Lizzie Jones has joined the quest to place a defibrillator in every available cricket club.

The critically-acclaimed soprano singer is providing grant funding to the life-saving initiative, as well as singing on the field at The Specsavers Ashes Test 2019 at Emerald Headingly stadium to raise awareness, following her own devastating story surrounding heart disease.

Lizzie JonesRugby League international Danny Jones, Lizzie’s husband, tragically died aged 29 in 2015 after suffering a cardiac arrest during a match, with post mortem results later confirming the cause of death was an inherited heart condition. Their twins, Bobby and Phoebe, were six months old.

The Danny Jones Defib fund has since raised and donated over £200,000 towards defibrillators and heart screening events.

The partnership with cricket launched last month and Lizzie is singing for the opening ceremony at the Ashes at Headingly this Thursday. 

Lizzie has wowed stadium crowds across the country whilst promoting her cause, including performances at England football internationals, BBC Sports personality and the rugby league Challenge Cup Final.

“It’s great to be able to partner with cricket. We want as many cricket clubs as possible to be in a position where a life could be saved,” said Jones.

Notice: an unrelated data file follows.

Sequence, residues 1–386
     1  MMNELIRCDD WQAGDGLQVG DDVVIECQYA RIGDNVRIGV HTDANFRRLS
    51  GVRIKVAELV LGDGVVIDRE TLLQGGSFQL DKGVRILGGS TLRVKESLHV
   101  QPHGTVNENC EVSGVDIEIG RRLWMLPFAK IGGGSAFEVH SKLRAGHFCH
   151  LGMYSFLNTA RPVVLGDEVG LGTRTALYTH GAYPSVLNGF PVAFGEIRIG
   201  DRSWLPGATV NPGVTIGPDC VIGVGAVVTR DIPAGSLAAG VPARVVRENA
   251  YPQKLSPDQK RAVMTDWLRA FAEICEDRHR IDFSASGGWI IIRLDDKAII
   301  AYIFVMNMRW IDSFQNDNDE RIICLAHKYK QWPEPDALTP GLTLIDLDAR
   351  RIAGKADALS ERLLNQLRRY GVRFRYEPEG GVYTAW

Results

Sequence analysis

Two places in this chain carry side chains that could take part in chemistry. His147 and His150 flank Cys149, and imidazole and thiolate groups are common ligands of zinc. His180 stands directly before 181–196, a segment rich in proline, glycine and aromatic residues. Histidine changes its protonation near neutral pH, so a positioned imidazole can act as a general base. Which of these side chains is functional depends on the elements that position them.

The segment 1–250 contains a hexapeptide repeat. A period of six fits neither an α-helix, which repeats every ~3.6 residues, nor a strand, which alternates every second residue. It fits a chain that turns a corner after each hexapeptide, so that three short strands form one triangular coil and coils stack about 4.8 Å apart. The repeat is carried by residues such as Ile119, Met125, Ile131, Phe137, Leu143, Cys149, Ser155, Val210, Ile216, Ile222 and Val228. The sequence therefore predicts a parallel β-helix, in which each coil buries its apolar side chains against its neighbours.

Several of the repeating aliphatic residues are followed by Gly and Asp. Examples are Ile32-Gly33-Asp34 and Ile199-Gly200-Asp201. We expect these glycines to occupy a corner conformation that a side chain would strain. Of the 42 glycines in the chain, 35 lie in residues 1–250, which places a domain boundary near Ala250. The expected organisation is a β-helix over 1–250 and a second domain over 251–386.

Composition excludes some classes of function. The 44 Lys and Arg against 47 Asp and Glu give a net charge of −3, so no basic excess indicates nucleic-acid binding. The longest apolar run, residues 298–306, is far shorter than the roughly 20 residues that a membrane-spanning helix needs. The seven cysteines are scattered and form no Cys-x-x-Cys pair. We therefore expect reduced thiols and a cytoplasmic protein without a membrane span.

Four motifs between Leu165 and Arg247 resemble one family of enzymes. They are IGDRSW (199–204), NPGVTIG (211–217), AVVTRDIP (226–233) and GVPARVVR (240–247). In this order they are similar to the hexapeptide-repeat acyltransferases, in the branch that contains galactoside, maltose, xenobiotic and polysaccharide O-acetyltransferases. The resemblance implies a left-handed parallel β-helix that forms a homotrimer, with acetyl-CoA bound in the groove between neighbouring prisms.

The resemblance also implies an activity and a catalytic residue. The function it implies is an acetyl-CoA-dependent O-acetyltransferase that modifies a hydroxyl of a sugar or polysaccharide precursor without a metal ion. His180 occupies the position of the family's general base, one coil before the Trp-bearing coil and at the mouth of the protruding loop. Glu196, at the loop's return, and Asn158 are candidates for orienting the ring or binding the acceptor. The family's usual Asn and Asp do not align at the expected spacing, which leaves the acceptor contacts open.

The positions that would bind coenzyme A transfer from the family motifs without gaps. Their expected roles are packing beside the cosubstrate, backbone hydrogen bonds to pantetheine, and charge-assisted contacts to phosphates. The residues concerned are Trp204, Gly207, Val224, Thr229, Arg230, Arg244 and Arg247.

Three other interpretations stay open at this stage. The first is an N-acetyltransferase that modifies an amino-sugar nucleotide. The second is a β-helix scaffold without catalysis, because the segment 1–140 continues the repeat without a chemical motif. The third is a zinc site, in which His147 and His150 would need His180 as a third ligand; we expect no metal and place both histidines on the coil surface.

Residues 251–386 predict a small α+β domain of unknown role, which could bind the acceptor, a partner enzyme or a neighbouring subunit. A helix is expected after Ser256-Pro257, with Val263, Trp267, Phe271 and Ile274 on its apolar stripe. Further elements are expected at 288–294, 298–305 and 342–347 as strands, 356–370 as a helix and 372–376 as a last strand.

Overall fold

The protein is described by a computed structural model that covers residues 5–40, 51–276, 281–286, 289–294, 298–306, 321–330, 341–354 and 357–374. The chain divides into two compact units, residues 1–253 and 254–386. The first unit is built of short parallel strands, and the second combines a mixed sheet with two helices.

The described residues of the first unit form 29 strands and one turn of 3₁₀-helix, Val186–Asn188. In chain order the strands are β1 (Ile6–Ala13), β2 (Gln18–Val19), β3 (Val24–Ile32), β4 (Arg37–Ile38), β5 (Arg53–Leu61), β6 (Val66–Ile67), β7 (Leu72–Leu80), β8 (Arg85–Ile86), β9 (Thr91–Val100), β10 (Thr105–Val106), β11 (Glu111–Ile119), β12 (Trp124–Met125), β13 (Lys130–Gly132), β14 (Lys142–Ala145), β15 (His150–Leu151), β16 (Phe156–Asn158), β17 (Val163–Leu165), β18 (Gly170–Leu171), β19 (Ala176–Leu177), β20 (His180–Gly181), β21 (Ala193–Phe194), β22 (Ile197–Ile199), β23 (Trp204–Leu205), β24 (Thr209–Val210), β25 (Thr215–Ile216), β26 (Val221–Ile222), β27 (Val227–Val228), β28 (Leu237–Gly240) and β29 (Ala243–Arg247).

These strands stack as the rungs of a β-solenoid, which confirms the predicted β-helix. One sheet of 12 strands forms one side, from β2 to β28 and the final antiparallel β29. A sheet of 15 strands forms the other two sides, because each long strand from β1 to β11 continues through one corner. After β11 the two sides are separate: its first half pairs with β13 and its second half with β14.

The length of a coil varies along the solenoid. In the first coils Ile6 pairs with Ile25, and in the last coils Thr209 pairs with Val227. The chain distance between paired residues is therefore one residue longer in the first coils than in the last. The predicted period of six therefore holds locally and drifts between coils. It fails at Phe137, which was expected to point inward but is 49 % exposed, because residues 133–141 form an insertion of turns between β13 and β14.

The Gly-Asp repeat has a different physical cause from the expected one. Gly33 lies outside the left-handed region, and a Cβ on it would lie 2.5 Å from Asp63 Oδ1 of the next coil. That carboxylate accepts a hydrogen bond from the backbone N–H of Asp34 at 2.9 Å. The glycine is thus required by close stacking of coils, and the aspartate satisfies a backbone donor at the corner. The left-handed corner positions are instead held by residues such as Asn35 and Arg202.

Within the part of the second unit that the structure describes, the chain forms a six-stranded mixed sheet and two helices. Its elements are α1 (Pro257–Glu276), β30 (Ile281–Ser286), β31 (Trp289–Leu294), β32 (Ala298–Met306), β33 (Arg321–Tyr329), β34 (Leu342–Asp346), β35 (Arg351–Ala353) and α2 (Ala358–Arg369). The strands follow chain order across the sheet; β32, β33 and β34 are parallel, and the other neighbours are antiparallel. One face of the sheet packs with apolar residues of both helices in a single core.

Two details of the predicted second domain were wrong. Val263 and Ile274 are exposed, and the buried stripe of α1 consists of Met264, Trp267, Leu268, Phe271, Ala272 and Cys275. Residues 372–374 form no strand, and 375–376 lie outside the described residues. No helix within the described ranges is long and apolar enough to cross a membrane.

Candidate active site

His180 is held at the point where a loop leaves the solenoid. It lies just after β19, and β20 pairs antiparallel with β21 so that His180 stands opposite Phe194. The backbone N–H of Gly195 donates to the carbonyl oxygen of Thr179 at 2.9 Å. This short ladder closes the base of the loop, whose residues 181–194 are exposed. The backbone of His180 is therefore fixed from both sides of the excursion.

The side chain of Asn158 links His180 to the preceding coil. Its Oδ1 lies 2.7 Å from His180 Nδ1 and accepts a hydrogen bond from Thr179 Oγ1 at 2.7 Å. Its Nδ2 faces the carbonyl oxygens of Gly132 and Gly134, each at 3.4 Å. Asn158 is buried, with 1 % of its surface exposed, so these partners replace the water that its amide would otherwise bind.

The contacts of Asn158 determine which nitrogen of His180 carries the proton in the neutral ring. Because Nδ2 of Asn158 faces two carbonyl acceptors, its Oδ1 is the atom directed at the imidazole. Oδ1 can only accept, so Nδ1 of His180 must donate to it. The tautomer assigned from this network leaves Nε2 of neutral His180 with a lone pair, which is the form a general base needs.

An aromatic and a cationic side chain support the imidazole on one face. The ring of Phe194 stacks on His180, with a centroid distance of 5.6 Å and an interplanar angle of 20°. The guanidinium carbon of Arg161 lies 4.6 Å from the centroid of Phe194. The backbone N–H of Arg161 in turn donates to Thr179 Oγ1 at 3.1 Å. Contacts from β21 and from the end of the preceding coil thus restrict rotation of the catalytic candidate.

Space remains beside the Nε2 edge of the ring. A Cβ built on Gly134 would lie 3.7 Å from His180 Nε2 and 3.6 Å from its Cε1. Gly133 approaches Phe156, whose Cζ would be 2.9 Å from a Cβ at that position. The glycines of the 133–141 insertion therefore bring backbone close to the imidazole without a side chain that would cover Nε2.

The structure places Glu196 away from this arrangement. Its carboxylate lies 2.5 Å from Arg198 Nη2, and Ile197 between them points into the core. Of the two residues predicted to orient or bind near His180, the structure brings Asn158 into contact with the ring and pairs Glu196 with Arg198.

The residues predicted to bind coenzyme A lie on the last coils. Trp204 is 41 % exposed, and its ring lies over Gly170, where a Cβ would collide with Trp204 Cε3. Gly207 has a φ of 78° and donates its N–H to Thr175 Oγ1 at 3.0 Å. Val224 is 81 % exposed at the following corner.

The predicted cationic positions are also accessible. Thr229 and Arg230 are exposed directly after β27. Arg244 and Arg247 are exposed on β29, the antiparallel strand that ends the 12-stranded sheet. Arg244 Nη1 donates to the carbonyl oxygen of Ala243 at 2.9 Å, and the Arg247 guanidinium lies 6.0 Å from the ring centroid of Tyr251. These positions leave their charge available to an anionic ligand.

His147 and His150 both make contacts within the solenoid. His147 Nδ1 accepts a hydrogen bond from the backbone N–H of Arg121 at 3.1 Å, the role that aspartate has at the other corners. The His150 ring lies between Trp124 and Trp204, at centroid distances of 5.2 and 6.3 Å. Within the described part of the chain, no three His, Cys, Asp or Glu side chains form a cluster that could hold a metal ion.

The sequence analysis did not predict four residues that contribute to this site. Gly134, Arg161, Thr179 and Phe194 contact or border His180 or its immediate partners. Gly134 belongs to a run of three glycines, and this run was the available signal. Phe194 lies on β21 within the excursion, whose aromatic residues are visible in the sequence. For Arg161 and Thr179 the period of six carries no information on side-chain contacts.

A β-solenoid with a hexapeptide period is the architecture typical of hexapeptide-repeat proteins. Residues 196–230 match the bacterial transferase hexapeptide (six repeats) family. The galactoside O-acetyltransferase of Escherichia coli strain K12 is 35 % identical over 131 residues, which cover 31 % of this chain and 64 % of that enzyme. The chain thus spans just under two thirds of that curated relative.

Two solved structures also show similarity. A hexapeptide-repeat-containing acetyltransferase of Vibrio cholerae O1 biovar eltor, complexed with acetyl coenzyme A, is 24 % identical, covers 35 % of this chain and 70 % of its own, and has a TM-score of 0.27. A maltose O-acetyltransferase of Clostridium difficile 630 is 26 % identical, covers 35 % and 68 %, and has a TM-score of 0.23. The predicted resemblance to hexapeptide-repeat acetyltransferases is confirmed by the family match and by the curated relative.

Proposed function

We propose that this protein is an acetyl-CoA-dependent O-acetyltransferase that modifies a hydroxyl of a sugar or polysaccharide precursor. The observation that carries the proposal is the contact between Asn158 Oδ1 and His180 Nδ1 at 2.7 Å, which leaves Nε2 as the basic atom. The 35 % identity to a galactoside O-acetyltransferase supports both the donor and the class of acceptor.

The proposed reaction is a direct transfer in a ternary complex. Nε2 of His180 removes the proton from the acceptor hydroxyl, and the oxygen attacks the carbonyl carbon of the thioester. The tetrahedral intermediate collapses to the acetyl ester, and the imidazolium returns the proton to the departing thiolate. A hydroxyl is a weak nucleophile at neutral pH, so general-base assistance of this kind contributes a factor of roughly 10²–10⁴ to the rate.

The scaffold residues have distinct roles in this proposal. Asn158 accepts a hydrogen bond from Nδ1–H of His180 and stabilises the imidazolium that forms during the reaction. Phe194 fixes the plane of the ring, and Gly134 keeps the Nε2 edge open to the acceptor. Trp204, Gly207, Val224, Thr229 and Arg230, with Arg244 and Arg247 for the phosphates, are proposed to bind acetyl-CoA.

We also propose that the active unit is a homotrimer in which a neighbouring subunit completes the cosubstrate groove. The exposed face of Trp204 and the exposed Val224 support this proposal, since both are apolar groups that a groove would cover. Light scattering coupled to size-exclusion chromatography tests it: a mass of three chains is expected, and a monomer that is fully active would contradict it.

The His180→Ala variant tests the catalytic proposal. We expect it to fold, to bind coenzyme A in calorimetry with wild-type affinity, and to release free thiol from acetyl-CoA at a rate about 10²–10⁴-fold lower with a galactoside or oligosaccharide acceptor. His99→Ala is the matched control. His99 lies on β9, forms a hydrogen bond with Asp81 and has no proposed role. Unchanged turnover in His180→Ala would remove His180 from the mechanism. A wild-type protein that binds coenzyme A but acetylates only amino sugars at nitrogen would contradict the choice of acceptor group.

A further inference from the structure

“We’ve done a lot of really important work in rugby, but I’ve got no intention in our action stopping there. 

“I’m so grateful for being the first to bring the cause into mainstream cricket.

“I would love to see as many clubs as possible – hopefully all of them – placing a defib at their ground because doing so genuinely will save lives.”

Defibrillators have been offered to all cricket clubs throughout at the heavily subsidised price of £700 (reduced from £1,500) thanks to donations from the Danny Jones fund, Nottinghamshire Cricket Board and  **********.

The chances of a patient surviving a CPR situation increase from 6% to 74% from use of a defibrillator, with chances diminishing by 10% with each passing minute.  

“When you hear the stats around how much they improve the chances of survival, of course we want to see a defibrillator at every ground” said the cricket board.;.

“It feels particularly relevant to us after what happened to James Taylora few years ago, and it’s great that Lizzie – who has such a moving story – has chosen to get involved in the project.

“I know our community team have been working hard with Lizzie and other partners to make defibs as cost-effective as possible for clubs. Hopefully the price will be manageable for everyone.”

Donations to the Danny Jones defibrillator fund can be made at

To talk about defibrillator provision at your local cricket club, email

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